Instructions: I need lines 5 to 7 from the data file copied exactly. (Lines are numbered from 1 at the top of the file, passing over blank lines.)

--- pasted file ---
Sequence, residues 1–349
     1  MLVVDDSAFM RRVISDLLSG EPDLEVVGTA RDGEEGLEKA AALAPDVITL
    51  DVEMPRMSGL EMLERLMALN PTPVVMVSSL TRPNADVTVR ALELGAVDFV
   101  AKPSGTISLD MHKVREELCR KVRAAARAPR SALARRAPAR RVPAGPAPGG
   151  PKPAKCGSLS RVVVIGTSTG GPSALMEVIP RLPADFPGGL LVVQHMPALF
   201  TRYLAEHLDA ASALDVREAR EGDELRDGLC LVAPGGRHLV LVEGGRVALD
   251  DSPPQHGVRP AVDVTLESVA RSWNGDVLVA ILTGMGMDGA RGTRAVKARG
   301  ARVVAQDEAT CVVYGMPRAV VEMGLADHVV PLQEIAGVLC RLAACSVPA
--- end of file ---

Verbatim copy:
   151  PKPAKCGSLS RVVVIGTSTG GPSALMEVIP RLPADFPGGL LVVQHMPALF
   201  TRYLAEHLDA ASALDVREAR EGDELRDGLC LVAPGGRHLV LVEGGRVALD
   251  DSPPQHGVRP AVDVTLESVA RSWNGDVLVA ILTGMGMDGA RGTRAVKARG